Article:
SCHUYLKILL HAVEN, Pa. — Growing up in Pottsville, Pennsylvania, in a family of coal miners and factory workers, William C. Terrill said he didn’t envision a future that included a college education. It was something for “smarter folks, richer folks,” he said in 2019 when accepting the Penn State Schuylkill Alumni Society’s Outstanding Alumni Award.
But today, with bachelor’s, master’s and doctoral degrees to his name and appearances in more than 100 media outlets internationally — including the BBC, France24, NPR, and the Wall Street Journal — Terrill is set to receive the Alumni Fellow Award from the Penn State Alumni Association (PSAA) in a recognition ceremony at University Park on Oct. 6. The award is the highest honor presented by the PSAA to outstanding alumni who are leaders and innovators in their professional fields.
A distinguished career in criminal justice starts at Penn State Schuylkill
Terrill, professor and associate dean of the Arizona State University Watts College of Public Service and Community Solutions, is recognized as one of the country’s leading experts on police use of force, for his work on deadly force, tasers, hands-on physical tactics, verbal communication, and the role police culture plays in fostering or mitigating the use of force. He has published two books and more than 70 journal articles, book chapters, and research reports for federal and municipal law enforcement agencies, and a monograph for the U.S. Department of Justice’s National Institute of Justice.
But before that esteemed career began, Terrill got his academic start at Penn State Schuylkill, where he attended for two years before completing a bachelor of science degree in criminal justice at Penn State Harrisburg in 1992. Terrill would earn both his master's and doctoral degrees from Rutgers – The State University of New Jersey, but said he credits Penn State Schuylkill with providing the initial opportunity that led to his extraordinary success.
“Penn State Schuylkill admitted me, guided me, and engaged me," Terrill said. "It allowed me to examine who I was and what I wanted. Of course, there was hard work and determination, but I needed an opportunity, and that’s what Penn State Schuylkill gave me.”
Before his academic career, Terrill served as a military police officer in the U.S. Air Force, and his early experience in the field led to a lifelong exploration of policing from an academic perspective. Terrill has extensive experience working with local, state and federal law enforcement agencies, has directed numerous studies, and published widely in the field of criminal justice. Terrill has worked as a consultant and expert witness on numerous projects and served on the sub-committee to former President Barack Obama’s 2015 Task Force on 21st-Century Policing.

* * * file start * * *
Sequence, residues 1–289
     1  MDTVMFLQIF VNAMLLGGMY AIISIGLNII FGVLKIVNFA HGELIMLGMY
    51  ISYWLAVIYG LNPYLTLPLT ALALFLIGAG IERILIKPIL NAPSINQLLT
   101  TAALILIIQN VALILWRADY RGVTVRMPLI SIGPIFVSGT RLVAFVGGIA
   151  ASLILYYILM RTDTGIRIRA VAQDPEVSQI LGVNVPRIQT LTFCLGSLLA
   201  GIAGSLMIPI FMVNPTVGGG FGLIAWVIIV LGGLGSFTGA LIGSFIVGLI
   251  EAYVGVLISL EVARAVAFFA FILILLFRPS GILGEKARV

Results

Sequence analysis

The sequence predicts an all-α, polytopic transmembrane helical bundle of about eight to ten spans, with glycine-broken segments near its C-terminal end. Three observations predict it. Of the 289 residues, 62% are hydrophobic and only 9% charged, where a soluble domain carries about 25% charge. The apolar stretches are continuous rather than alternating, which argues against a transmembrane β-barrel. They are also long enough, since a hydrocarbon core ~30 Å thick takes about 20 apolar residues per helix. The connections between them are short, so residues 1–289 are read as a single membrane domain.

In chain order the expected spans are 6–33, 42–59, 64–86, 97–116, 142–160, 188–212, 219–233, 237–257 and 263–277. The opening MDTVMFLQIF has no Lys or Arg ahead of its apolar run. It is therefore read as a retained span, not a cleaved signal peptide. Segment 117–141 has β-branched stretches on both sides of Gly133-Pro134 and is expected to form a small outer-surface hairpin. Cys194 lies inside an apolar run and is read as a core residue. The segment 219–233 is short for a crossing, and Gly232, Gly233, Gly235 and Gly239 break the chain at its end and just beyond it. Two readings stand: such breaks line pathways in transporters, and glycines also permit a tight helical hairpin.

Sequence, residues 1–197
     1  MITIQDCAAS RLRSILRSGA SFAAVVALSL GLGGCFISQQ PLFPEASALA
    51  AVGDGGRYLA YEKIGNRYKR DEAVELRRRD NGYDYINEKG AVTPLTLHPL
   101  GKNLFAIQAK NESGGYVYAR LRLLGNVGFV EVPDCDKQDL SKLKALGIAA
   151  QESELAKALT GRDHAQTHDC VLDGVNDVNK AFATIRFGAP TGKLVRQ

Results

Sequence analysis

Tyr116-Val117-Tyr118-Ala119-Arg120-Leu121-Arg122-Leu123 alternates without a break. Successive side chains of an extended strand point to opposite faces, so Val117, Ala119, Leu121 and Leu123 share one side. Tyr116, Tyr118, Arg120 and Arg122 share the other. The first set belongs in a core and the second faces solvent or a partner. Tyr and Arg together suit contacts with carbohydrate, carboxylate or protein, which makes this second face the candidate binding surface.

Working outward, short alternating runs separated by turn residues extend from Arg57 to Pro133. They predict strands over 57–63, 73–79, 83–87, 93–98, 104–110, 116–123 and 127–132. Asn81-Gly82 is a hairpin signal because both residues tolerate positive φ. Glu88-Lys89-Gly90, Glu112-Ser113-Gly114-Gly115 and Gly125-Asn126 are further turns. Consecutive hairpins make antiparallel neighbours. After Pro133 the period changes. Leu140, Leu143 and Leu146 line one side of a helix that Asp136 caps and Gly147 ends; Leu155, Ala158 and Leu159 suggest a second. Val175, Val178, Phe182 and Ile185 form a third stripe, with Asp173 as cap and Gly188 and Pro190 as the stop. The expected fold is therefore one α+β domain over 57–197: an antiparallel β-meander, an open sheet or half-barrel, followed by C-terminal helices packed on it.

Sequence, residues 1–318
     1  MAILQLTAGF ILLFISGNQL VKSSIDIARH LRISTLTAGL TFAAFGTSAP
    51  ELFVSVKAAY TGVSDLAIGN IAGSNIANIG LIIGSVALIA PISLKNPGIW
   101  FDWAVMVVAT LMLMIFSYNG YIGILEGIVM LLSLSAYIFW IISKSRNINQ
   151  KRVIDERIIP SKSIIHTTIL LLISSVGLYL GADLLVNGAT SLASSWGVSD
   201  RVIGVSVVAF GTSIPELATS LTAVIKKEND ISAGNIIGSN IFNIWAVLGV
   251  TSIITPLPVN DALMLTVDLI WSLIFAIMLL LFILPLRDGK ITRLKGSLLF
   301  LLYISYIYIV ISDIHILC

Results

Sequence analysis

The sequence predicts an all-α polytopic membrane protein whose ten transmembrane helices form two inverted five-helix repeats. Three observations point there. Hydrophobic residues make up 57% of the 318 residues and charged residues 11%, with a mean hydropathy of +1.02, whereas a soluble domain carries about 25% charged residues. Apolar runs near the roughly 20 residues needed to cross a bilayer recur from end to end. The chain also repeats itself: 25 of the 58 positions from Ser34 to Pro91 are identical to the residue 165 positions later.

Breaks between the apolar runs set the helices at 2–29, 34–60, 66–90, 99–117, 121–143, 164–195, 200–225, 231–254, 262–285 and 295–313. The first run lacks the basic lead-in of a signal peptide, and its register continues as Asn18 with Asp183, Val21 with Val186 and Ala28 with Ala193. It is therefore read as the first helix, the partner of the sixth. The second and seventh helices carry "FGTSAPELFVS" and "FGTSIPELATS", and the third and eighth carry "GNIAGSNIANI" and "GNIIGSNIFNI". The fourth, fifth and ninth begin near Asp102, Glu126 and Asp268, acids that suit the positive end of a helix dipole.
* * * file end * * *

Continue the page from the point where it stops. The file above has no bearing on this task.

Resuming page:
Penn State Schuylkill Chancellor Patrick M. Jones said, “Dr. Terrill’s career exemplifies the impact that Penn State can have on the lives of children from working-class families. While not born to privilege, his start at Penn State Schuylkill helped him launch a career in which he has become a leading expert in his field who makes a positive impact on policing across the country.”
Penn State Schuylkill residency Oct. 4 and 5
Alumni Fellows are invited to return to campus as distinguished guests to share their expertise, and Terrill is set to visit Penn State Schuylkill to speak with the campus community at a select group of events on topical issues in the criminal justice system. Terrill will speak to students in "Introduction to Criminal Justice" about careers in law enforcement, and will discuss research methodologies and student engagement in research with students in the "Field Research in Criminology" class.
In addition, all students, faculty and staff are invited to attend the following events:
"Police Use-of-Force: Balancing Public Safety and Individual Rights," Keynote Address during the Dean’s List ceremony
Monday, Oct. 4, 12:20 p.m., Morgan Auditorium
The Michael Brown shooting in 2014 can be considered to have been the catalyst for broader societal awareness and increased national coverage of a series of high-profile police use-of-force incidents, and resulting civil unrest across the U.S., not witnessed since the civil rights era of the 1960s. Bolstered by the roles that technology, such as smartphones and body-worn cameras, and media play in capturing use-of-force interactions, there is a continual and evolving dialogue surrounding police-community relations. Having researched police use-of-force for over 25 years, Terrill will discuss various issues and challenges of this discourse and the importance of protecting civil rights while maintaining public safety.
Tuesday, Oct. 5, 12:20 p.m., R. Michael Fryer Conference Center, 101 Classroom Building
Terrill will remark specifically on the career and academic pathway that led from Penn State Schuylkill to his current position, with time reserved for questions from attendees. The online seminar will be shared virtually via Zoom technology for those unable to attend the talk in person.
Find more information about Terrill and the other 2021 Penn State Alumni Fellow recipients and visit schuylkill.psu.edu/academics to learn more about the in-demand degree and certificate programs, including criminal justice, available at Penn State Schuylkill.